Your Valentine’s Day Chocolate Is Contaminated With Toxic Metal – Study

A new study finds unsafe levels of lead and cadmium in some popular candy.

(Photo: François Lenoir/Reuters)
 That shiny Valentine’s Day box of chocolates might come with a toxic dose of heavy metals, according to consumer group As You Sow, which on Wednesday accused some of the country’s top chocolatiers of violating California’s Proposition 65 toxic warning law.

Using an independent lab, which conducted three rounds of tests, As You Sow foundthat 26 of 42 chocolate varieties evaluated contained levels of lead or cadmium high enough to be considered unsafe by state standards. Serving-size samples contained lead levels as high as 5.9 percent above the safe limit and cadmium levels as much as 8.2 times above the limit.

This is the second salvo in As You Sow’s chocolate war. On Wednesday, the watchdog filed notice against Hershey’s, Mars, and See’s Candies. The move follows a filing last summer that named 13 other chocolate makers, including Godiva, Lindt, and Ghirardelli, and documented toxic levels of cadmium and lead in some of their sweets.

Prop. 65, a ballot initiative approved by California voters in 1986, requires companies to disclose the presence of chemicals in their products that are known to cause cancer, birth defects, or reproductive problems.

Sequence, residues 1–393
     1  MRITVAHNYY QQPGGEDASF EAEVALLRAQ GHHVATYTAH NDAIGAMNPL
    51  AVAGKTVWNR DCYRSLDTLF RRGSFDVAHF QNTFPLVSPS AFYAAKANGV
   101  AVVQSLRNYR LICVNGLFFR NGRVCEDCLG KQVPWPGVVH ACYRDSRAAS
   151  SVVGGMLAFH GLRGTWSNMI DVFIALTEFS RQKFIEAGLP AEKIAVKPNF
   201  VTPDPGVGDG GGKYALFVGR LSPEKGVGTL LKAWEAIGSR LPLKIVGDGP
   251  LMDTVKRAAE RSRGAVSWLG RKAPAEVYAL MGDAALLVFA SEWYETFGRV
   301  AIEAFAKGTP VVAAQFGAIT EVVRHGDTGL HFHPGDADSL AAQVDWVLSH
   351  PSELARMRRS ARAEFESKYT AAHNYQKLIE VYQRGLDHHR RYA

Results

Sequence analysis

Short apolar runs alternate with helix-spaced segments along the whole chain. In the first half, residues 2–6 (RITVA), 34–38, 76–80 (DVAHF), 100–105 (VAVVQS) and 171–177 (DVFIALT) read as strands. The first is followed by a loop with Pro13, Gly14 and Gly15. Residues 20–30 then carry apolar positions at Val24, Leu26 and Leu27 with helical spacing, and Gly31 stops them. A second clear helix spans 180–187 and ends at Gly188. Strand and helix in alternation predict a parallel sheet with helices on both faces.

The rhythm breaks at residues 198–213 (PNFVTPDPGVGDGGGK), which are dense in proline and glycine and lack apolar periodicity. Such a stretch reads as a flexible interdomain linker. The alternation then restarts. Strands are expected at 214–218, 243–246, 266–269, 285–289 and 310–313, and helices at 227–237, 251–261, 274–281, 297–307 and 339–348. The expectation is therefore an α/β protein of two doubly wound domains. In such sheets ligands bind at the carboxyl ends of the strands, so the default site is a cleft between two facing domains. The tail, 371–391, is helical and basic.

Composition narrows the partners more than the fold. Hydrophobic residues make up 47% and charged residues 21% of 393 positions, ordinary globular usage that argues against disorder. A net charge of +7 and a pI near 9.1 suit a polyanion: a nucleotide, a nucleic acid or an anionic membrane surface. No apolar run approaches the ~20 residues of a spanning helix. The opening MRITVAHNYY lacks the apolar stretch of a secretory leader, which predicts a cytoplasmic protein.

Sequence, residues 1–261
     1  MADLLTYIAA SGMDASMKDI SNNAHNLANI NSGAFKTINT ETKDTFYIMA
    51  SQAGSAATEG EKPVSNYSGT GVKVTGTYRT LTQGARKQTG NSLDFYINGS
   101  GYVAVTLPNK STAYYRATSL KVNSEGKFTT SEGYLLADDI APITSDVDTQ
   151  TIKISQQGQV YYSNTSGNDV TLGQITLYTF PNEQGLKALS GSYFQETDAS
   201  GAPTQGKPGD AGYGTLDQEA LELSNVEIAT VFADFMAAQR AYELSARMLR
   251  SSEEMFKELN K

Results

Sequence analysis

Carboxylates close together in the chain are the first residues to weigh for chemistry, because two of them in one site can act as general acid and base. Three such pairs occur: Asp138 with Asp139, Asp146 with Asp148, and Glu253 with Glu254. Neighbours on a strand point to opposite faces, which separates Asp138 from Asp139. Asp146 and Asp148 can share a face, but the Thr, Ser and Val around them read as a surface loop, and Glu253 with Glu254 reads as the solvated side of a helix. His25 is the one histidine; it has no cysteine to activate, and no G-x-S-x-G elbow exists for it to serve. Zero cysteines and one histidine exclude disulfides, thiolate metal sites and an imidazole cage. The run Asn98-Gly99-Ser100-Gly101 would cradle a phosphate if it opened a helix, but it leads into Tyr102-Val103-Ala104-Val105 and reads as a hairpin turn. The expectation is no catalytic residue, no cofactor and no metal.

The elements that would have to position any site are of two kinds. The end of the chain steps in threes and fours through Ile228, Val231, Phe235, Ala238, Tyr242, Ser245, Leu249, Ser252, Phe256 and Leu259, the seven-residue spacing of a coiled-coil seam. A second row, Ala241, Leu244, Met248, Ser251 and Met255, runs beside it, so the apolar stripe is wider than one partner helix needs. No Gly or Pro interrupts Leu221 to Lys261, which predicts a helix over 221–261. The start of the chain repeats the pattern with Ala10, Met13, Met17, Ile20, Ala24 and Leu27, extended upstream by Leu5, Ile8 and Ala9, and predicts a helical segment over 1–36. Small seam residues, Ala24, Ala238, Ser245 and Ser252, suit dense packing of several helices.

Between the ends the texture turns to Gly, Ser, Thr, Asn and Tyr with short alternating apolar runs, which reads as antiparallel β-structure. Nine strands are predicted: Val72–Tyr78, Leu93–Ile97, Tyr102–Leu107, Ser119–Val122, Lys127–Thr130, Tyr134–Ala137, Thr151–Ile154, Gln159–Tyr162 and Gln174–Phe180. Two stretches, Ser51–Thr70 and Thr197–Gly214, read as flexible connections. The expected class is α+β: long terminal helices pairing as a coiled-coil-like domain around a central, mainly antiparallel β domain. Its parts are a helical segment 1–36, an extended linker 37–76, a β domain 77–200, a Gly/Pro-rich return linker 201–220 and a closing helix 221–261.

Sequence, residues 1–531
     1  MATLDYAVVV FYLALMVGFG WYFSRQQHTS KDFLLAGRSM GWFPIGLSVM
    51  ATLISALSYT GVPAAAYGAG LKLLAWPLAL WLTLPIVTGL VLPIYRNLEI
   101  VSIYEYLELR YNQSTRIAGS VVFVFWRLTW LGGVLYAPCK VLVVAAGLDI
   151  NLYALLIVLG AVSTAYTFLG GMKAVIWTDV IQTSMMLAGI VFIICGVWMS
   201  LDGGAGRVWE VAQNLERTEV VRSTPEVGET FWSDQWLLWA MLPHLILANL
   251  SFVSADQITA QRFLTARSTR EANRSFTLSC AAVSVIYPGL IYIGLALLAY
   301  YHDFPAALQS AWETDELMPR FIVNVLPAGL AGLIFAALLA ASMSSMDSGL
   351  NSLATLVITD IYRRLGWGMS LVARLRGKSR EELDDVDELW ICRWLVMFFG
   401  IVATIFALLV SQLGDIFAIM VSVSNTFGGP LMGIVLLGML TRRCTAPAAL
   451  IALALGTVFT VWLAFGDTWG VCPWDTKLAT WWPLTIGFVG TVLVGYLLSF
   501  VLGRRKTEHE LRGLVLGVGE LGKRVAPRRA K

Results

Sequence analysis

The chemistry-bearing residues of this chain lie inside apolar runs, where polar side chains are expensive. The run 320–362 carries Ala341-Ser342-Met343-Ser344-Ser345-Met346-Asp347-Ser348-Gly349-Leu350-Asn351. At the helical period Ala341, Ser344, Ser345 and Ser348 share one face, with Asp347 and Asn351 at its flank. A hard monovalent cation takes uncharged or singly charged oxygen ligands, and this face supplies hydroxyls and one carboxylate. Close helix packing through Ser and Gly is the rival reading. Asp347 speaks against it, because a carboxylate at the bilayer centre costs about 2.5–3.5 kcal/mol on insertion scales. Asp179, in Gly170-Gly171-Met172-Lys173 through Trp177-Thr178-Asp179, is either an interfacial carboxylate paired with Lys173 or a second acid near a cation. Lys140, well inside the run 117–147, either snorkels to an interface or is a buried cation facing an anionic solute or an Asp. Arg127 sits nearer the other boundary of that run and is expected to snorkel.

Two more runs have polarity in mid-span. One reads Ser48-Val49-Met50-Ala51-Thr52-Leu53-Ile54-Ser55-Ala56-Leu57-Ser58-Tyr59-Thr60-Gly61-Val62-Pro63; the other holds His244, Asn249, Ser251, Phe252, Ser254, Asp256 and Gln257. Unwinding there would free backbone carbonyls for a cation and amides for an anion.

“We want consumers to be aware there are toxic heavy metals in chocolate so they can make better choices,” said Eleanne van Vliet, As You Sow’s toxic chemical research director. “Even tiny amounts can be dangerous because they accumulate in the body over time.”

It’s not just the big, conventional candy companies that are accused of making heavy metal–tainted chocolates: Whole Foods, Earth Circle Organics, and Trader Joe’s also made As You Sow’s list.

How the metals are getting into the cacao is complicated, said van Vliet. Possible culprits include industrial pollution, mining, and the manufacturing process.

In response to As You Sow’s report, the National Confectioners’ Association, an industry trade group, said that because lead and cadmium are elements that occur naturally in the Earth’s crust, traces of the heavy metals are unavoidable in many foods. While cocoa beans, like many other plants, may contain small amounts of heavy metals, chocolate and cocoa are safe to eat, the organization said.

Lead is a neurotoxin, posing extreme risk to children’s brain development, among other things. Experts consider lead so dangerous that there is no safe limit for children. According to the Centers for Disease Control and Prevention, even very low lead levels have been shown to decrease IQ and increase the risk of ADHD and learning problems.

The health dangers of cadmium haven’t received as much attention, but recently this heavy metal hit the headlines as well; it was implicated in research showing that it appears to accelerate cell aging.

Read More: takepart.com – Is Your Valentine’s Day Chocolate Contaminated With Toxic Metal?